Set in unfamiliar territory, both geographically and historically for most readers, including this one, the story of Asena and Swiftarrow around 665 AD has a curiosity value added to the tale of their involvement with each other. Asena is a Shaiman, a person within the Horse Tribe who foresees events and is forbidden to love a boy. Swiftarrow, trained as a Shaolin, is a captive of the Empress of China who holds his beautiful sister in a ransom for his services. Swiftarrow is sent to lead General Li to the Horse Tribe to kill them and also to find another young tribesman or woman to train as a Shaolin. He sees Asena and she, being mesmerized by him, is unable to stop herself leading him to the tribe and sees her uncle killed and her father wounded. Asena is then taken to the Shaolin house and in the midst of her guilt comes to hate both herself and Swiftarrow, and vows to kill the Empress in revenge. The complicated plot, told in the alternate voices of Asena and Swiftarrow, comes to a conclusion with her attempt to murder the Empress and her subsequent flight to freedom with Swiftarrow.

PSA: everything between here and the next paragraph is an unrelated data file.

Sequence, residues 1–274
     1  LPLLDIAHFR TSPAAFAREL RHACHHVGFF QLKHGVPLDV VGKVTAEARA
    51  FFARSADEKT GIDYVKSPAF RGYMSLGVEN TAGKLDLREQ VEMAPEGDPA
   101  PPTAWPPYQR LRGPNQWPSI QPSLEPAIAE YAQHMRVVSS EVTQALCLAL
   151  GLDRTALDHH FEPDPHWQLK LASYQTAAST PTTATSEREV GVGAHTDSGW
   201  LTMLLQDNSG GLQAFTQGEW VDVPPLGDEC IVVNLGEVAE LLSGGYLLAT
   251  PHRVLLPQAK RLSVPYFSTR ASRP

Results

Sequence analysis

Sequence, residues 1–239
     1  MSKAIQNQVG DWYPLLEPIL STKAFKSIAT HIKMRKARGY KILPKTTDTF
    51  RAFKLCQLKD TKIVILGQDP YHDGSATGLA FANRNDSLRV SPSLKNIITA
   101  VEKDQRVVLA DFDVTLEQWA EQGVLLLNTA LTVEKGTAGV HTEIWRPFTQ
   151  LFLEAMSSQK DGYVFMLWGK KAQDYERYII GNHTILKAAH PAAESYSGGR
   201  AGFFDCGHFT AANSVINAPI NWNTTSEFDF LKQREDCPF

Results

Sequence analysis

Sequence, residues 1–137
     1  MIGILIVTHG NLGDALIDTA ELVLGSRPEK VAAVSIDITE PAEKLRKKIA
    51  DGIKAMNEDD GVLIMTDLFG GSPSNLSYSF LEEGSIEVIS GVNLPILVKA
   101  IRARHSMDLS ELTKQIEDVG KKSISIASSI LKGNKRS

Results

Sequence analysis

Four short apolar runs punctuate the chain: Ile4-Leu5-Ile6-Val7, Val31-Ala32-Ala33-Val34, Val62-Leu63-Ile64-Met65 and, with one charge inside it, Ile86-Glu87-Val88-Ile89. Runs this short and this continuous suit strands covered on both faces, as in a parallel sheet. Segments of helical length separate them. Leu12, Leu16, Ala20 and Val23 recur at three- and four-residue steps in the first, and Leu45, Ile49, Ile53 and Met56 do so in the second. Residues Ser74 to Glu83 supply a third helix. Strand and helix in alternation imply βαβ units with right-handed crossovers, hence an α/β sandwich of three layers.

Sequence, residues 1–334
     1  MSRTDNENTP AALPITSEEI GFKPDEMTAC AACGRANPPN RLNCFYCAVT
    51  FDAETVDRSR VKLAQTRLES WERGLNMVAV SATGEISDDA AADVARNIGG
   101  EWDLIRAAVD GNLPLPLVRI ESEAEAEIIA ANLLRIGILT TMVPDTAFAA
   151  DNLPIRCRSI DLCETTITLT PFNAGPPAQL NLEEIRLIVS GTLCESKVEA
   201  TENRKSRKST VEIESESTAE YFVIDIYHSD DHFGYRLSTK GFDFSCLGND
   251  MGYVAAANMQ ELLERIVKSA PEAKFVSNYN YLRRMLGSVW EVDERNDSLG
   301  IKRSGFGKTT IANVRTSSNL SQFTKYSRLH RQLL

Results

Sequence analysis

The use of the alternate voices and the beautiful descriptions of the steppes and the Empress’s palace with its many courtyards give the story a cinematic quality and do indeed paint pictures in the reader’s head. It was difficult to understand the historical background at first but after a while this did not matter too much and it is clarified by the notes at the end of the story. The inward spiritual life is not explored much in fiction but in this story becomes quite fascinating, and could well lead the reader on to explore Buddhism and other religions further. This book is not an easy read but becomes a rewarding one as one progresses further. One small point is that the girl on the cover does not look as eastern as one would expect from the setting.